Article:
Handbook on Transport and Urban Planning in the Developed World
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Handbook on Transport and Urban Planning in the Developed World

Edited by Michiel Bliemer, Corinne Mulley and Claudine J. Moutou

This Handbook provides comprehensive coverage of all of the major factors that underpin our understanding of urban and transport planning in the developed world. Combining urban and transport planning in one volume, the chapters present the state of the art as well as new research and directions for the future. It is an essential reference to all the key issues in this area as well as signalling areas of concern and future research paths. Academics, researchers, students, policymakers and practitioners will find it a constant source of information and guidance.
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Chapter 14: Risk-sharing in public–private partnerships: a contractual economics perspective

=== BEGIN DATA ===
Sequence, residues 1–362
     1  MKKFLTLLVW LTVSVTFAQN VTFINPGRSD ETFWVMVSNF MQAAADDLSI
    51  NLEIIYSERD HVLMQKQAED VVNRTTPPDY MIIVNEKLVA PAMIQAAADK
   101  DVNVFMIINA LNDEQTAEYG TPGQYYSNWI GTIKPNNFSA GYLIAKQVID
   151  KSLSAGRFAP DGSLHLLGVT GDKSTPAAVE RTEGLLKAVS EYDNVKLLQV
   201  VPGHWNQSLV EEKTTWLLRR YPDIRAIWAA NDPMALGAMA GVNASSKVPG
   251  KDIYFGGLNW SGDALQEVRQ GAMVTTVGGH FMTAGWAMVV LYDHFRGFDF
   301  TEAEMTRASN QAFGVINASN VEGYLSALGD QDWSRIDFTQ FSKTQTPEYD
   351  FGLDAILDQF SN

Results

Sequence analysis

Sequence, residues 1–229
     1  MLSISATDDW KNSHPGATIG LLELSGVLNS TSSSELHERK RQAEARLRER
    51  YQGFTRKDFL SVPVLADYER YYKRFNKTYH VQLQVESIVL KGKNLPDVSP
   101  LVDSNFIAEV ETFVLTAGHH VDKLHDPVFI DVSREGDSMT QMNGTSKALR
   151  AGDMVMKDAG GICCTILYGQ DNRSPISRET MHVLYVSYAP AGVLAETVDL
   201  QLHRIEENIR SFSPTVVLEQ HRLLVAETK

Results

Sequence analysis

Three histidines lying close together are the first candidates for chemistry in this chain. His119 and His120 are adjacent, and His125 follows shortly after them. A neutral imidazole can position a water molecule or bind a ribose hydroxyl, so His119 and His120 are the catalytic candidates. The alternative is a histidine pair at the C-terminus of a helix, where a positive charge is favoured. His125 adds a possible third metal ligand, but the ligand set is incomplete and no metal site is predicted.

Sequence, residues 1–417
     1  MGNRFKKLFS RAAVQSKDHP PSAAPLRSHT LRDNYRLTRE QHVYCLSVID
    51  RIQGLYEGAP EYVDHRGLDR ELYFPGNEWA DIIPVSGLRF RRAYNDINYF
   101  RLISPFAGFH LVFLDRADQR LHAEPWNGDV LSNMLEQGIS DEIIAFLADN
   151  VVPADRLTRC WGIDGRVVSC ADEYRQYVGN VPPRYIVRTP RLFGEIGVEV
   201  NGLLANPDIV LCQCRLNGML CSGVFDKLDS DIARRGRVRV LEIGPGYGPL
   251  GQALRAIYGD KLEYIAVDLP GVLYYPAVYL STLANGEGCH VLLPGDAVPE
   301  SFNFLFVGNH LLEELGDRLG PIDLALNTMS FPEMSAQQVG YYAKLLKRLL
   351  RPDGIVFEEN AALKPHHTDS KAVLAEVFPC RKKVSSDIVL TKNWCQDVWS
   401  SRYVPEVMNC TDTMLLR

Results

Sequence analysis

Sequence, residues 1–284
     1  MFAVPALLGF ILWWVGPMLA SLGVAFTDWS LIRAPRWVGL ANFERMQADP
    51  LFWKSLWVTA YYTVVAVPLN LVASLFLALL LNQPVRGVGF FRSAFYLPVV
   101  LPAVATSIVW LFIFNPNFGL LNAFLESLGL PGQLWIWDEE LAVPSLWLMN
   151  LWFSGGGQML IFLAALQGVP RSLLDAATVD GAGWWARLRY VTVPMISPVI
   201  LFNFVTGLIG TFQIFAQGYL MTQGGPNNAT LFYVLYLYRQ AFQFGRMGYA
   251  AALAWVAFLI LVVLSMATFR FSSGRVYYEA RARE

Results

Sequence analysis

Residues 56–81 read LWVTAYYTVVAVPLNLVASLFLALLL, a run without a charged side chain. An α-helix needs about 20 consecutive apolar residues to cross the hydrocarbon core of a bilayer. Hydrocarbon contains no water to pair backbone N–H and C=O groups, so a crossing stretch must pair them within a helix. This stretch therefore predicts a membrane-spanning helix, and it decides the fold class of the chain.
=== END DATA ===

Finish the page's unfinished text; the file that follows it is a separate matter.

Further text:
Demi Chung and David A. Hensher


Public–private partnerships (PPPs) are an innovative way of government contracting in which the private sector is responsible for the delivery of infrastructure and related services, in exchange for a stream of payments (Hodges and Mellett 2005; English and Baxter 2010). Typically, the private sector partner designs, builds, finances and operates a significant capital asset, such as a prison, a road, a hospital or a school, ensuring the availability of the asset during the contract period and providing related services of an acceptable standard (Chung 2009). In PPP toll road contracts, for example, the private sector partner retains a high level of managerial autonomy from the daily management activities of the road to customer service and billing, and derives payments from the end users of the service. The public sector partner engages primarily in monitoring and enforcement functions – verifying private sector partner’s adherence to contractual obligations such as investment, pricing, and service quality (Kivleniece and Quelin 2012).

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